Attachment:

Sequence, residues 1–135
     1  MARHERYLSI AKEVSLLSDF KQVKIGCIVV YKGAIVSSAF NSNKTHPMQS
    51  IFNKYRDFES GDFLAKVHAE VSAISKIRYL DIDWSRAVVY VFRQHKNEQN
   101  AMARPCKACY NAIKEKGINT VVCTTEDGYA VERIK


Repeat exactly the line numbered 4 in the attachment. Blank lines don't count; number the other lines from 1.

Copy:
   101  AMARPCKACY NAIKEKGINT VVCTTEDGYA VERIK